About the Author
Jesse Liberty, Microsoft .NET MVP, is the best-selling author of O'Reilly Media's "Programming ASP.NET", "Programming C#", "Programming Visual Basic 2005" and over a dozen other books on web and object-oriented programming. He is president of Liberty Associates, Inc. where he provides contract programming, consulting and on-site training in .NET. Jesse is a frequent contributor to O'Reilly Network web sites as well as many industry publications and has spoken at numerous industry events. He is a former Distinguished Software Engineer at AT&T and Vice President for technology development at CitiBank.
Table of Contents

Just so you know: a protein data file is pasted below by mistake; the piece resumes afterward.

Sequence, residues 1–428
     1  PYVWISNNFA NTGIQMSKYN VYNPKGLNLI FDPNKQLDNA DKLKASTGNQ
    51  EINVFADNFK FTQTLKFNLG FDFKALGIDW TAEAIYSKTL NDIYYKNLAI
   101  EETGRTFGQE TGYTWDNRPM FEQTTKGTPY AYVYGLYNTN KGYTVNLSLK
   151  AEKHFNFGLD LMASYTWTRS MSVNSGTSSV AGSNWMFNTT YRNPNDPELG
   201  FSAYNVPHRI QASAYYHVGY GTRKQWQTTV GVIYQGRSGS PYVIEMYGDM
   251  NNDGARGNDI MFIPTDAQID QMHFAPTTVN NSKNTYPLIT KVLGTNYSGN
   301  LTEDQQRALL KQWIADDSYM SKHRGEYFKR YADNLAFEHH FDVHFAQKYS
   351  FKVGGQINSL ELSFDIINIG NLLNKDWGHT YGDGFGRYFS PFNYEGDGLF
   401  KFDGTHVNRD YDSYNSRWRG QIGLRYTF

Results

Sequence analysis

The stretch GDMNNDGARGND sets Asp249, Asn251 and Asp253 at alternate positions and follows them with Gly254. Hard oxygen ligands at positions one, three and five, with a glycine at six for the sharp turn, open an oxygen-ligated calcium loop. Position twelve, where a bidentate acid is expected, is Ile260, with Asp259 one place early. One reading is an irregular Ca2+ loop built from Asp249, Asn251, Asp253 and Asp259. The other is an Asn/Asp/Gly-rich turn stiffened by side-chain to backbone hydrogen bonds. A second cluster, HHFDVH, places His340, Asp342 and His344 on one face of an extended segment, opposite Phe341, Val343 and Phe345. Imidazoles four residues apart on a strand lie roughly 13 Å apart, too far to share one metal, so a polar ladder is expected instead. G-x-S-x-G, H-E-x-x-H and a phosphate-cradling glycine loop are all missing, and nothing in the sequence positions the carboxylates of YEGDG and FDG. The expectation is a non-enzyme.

Preface; About This Book; How the Book Is Organized; Who This Book Is For; C# Versus Visual Basic .NET; C# Versus Java; C# Versus C and C++; Conventions Used in This Book; Support; We'd Like to Hear from You; Acknowledgments; The C# Language; Chapter 1: C# and the .NET Framework; 1.1 The .NET Platform; 1.2 The .NET Framework; 1.3 Compilation and the MSIL; 1.4 The C# Language; Chapter 2: Getting Started: "Hello World"; 2.1 Classes, Objects, and Types; 2.2 Developing "Hello World"; 2.3 Using the Visual Studio .NET Debugger; Chapter 3: C# Language Fundamentals; 3.1 Types; 3.2 Variables and Constants; 3.3 Expressions; 3.4 Whitespace; 3.5 Statements; 3.6 Operators; 3.7 Namespaces; 3.8 Preprocessor Directives; Chapter 4: Classes and Objects; 4.1 Defining Classes; 4.2 Creating Objects; 4.3 Using Static Members; 4.4 Destroying Objects; 4.5 Passing Parameters; 4.6 Overloading Methods and Constructors; 4.7 Encapsulating Data with Properties; 4.8 readonly Fields; Chapter 5: Inheritance and Polymorphism; 5.1 Specialization and Generalization; 5.2 Inheritance; 5.3 Polymorphism; 5.4 Abstract Classes; 5.5 The Root of All Classes: Object; 5.6 Boxing and Unboxing Types; 5.7 Nesting Classes; Chapter 6: Operator Overloading; 6.1 Using the operator Keyword; 6.2 Supporting Other .NET Languages; 6.3 Creating Useful Operators; 6.4 Logical Pairs; 6.5 The Equals Operator; 6.6 Conversion Operators; Chapter 7: Structs; 7.1 Defining Structs; 7.2 Creating Structs; Chapter 8: Interfaces; 8.1 Implementing an Interface; 8.2 Accessing Interface Methods; 8.3 Overriding Interface Implementations; 8.4 Explicit Interface Implementation; Chapter 9: Arrays, Indexers, and Collections; 9.1 Arrays; 9.2 The foreach Statement; 9.3 Indexers; 9.4 Collection Interfaces; 9.5 Array Lists; 9.6 Queues; 9.7 Stacks; 9.8 Dictionaries; Chapter 10: Strings and Regular Expressions; 10.1 Strings; 10.2 Regular Expressions; Chapter 11: Handling Exceptions; 11.1 Throwing and Catching Exceptions; 11.2 Exception Objects; 11.3 Custom Exceptions; 11.4 Rethrowing Exceptions; Chapter 12: Delegates and Events; 12.1 Delegates; 12.2 Multicasting; 12.3 Events; 12.4 Retrieving Values from Multicast Delegates; Programming with C#; Chapter 13: Building Windows Applications; 13.1 Creating a Simple Windows Form; 13.2 Creating a Windows Forms Application; 13.3 XML Documentation Comments; 13.4 Deploying an Application; Chapter 14: Accessing Data with ADO.NET; 14.1 Relational Databases and SQL; 14.2 The ADO.NET Object Model; 14.3 Getting Started with ADO.NET; 14.4 Using OLE DB Managed Providers; 14.5 Working with Data-Bound Controls; 14.6 Changing Database Records; 14.7 ADO.NET and XML; Chapter 15: Programming Web Forms and Web Services; 15.1 Understanding Web Forms; 15.2 Creating a Web Form; 15.3 Adding Controls; 15.4 Data Binding; 15.5 Responding to Postback Events; 15.6 Web Services; 15.7 SOAP, WSDL, and Discovery; 15.8 Building a Web Service; 15.9 Creating the Proxy; Chapter 16: Putting It All Together; 16.1 The Overall Design; 16.2 The Screen-Scraper Application; 16.3 Displaying the Output; 16.4 Creating the Web Services Client; 16.5 Searching By Category; The CLR and the .NET Framework; Chapter 17: Assemblies and Versioning; 17.1 PE Files; 17.2 Metadata; 17.3 Security Boundary; 17.4 Versioning; 17.5 Manifests; 17.6 Multi-Module Assemblies; 17.7 Private Assemblies; 17.8 Shared Assemblies; Chapter 18: Attributes and Reflection; 18.1 Attributes; 18.2 Reflection; 18.3 Reflection Emit; Chapter 19: Marshaling and Remoting; 19.1 Application Domains; 19.2 Context; 19.3 Remoting; Chapter 20: Threads and Synchronization; 20.1 Threads; 20.2 Synchronization; 20.3 Race Conditions and Deadlocks; Chapter 21: Streams; 21.1 Files and Directories; 21.2 Reading and Writing Data; 21.3 Asynchronous I/O; 21.4 Network I/O; 21.5 Web Streams; 21.6 Serialization; 21.7 Isolated Storage; Chapter 22: Programming .NET and COM; 22.1 Importing ActiveX Controls; 22.2 Importing COM Components; 22.3 Exporting .NET Components; 22.4 P/Invoke; 22.5 Pointers; C# Keywords; Colophon;